An appointment certificate signed by both President Obama and then-Secretary of State Hillary Clinton, an unopened box of Air Force One M&Ms and countless letters from former commanders in chief dating back to the Truman administration are all up for grabs as part of an auction of items from the estate of the late Rep. Ike Skelton.
The Missouri Democrat served in Congress for more than three decades before losing to Rep. Vicky Hartzler (R-Mo.) in 2010. He died last year at age 81. Now, hundreds of items from his days in the House are being put on the auction block.
“He had his ‘famous files,’ ” Roske explains. “And so anybody who was in politics, anybody who was a celebrity outside of politics, heads of state, a lot of military leaders, he kept those [letters].”
Among the unique correspondence that Skelton saved: a 1985 letter to him penned by Margaret Thatcher. “We have so much to thank America for,” the late British prime minister wrote in a handwritten note.
Another memento: a photo of Skelton on Air Force One with former President Carter. “Ike is actually asleep in a chair and President Carter is sitting right next to him, laughing at him,” says Roske. “[Carter] wrote a note, ‘To my good friend, Ike Skelton: alert guardian of the public’s interest.’ ”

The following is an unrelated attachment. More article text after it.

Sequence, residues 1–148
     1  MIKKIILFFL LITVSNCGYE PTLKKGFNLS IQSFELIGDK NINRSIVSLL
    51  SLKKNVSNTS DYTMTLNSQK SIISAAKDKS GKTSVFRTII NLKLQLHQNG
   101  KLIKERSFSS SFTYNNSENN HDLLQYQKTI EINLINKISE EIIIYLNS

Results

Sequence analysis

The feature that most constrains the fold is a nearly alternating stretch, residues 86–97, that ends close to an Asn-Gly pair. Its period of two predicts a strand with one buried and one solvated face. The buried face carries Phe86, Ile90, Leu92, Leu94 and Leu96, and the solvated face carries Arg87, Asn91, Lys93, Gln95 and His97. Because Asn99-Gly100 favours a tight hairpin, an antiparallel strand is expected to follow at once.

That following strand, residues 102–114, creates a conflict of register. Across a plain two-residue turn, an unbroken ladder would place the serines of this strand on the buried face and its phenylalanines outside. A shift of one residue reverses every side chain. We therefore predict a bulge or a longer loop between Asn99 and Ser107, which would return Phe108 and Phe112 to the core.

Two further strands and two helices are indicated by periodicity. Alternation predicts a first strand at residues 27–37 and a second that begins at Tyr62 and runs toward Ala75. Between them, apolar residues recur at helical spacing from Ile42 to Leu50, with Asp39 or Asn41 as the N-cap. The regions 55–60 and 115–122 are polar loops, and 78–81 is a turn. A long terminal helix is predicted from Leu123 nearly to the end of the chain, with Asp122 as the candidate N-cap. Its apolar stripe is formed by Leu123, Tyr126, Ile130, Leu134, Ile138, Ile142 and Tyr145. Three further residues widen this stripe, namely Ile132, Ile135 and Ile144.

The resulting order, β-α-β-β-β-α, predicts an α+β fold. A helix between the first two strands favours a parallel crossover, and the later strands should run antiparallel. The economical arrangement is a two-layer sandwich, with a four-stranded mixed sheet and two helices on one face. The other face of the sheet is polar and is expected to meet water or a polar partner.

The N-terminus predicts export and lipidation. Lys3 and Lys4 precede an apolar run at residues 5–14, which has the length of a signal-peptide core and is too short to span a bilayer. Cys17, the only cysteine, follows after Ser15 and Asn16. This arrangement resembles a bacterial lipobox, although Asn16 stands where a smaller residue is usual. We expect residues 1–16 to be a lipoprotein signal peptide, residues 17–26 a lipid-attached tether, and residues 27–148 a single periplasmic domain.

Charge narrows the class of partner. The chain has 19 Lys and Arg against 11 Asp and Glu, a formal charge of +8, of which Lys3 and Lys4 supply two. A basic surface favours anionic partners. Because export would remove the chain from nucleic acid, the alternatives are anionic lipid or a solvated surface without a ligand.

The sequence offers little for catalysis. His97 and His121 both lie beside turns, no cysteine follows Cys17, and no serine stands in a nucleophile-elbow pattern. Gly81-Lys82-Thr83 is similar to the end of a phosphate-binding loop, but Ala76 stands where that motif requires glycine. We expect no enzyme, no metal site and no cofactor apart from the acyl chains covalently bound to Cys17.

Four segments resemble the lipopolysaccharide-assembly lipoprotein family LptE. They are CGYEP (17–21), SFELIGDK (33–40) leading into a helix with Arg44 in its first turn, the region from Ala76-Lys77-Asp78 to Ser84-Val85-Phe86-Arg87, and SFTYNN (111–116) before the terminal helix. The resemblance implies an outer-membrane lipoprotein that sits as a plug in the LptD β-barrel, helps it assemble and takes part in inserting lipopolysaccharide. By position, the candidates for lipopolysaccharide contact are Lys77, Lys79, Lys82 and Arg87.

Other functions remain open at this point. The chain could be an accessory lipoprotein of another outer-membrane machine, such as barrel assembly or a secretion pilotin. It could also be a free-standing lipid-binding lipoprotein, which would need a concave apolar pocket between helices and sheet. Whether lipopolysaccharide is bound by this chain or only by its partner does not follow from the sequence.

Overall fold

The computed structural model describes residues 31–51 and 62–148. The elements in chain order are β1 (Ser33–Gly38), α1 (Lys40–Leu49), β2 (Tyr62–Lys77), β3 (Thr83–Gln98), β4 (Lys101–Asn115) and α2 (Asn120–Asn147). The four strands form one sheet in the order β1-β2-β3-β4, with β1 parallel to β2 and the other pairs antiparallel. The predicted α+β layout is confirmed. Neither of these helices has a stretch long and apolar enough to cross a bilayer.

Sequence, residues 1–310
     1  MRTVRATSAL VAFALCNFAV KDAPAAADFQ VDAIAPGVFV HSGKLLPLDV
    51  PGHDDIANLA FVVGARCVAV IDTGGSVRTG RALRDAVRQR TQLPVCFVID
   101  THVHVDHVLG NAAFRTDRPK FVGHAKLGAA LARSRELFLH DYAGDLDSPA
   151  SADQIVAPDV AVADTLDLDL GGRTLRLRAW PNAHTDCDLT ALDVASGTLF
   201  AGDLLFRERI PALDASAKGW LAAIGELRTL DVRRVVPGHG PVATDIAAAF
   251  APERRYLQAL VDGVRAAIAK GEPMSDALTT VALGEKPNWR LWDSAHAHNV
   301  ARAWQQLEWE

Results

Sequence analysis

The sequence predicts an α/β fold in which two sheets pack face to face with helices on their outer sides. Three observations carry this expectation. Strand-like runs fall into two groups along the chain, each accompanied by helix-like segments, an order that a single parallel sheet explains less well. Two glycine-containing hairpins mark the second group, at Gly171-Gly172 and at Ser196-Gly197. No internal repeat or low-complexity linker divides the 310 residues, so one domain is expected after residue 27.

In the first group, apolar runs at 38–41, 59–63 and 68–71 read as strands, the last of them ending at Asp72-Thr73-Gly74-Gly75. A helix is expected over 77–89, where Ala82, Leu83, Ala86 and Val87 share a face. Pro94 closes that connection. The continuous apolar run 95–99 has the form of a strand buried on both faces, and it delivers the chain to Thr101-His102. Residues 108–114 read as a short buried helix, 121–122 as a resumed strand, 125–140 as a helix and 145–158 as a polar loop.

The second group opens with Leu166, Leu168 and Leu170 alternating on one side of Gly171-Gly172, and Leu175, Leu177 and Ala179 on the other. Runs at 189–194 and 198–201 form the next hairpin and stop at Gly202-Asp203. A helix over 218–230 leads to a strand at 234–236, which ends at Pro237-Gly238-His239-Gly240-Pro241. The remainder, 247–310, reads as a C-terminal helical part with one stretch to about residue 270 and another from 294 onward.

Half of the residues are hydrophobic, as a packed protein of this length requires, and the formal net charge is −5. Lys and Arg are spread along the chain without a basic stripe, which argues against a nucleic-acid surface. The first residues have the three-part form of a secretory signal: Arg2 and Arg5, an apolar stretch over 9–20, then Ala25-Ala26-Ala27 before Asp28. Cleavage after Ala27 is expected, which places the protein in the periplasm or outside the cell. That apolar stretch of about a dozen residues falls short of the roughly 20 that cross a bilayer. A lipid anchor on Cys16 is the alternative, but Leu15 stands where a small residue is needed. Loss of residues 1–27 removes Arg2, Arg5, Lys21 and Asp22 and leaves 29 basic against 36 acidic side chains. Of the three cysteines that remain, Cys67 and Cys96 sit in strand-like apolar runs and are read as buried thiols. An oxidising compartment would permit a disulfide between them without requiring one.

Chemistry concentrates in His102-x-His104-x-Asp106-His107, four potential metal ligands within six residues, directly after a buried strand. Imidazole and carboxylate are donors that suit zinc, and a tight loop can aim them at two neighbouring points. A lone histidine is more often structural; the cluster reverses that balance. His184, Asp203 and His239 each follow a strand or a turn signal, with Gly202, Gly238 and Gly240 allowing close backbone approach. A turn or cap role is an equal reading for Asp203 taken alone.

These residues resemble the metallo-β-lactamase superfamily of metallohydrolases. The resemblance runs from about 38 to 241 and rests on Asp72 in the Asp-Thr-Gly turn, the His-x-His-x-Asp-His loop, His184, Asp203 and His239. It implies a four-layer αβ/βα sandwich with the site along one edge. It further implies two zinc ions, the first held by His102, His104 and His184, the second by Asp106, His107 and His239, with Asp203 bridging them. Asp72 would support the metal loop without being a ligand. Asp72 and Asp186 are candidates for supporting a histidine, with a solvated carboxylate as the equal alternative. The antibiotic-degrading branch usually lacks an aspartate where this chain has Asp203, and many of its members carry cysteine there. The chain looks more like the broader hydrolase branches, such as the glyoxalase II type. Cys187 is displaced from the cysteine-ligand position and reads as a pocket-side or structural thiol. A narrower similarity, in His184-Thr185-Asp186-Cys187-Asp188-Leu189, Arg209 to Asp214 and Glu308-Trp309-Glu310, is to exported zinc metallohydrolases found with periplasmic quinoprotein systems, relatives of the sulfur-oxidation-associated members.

There are messages up for auction from several political heavyweights, including former Vice Presidents Dan Quayle and Al Gore, the late Sen. Edward Kennedy (D-Mass.), the late former Speaker Tip O’Neill (D-Mass.), ex-Rep. Gabrielle Giffords (D-Ariz.) and Rep. Nancy Pelosi (D-Calif.); a birthday note from former President Reagan; and several letters from former Presidents Clinton and George W. Bush, just to name a few.
The Missouri-based auctioneer says with more than 350 different lots of Hill-related nostalgia, the auction is a potential goldmine for political junkies, historians and attorneys. Almost all of the items have an opening bid of $5, including Skelton’s appointment letter to the American Battle Monuments Commission, signed by Obama and Clinton.
“Quite possibly the current president and the next president on a single document, I think that’s a pretty fascinating piece of history,” Roske tells ITK. He adds, “The possibility exists that you could buy a Barack Obama letter for $5.”
Bidding is online-only at www.kcauctioncompany.com. The auction ends June 30.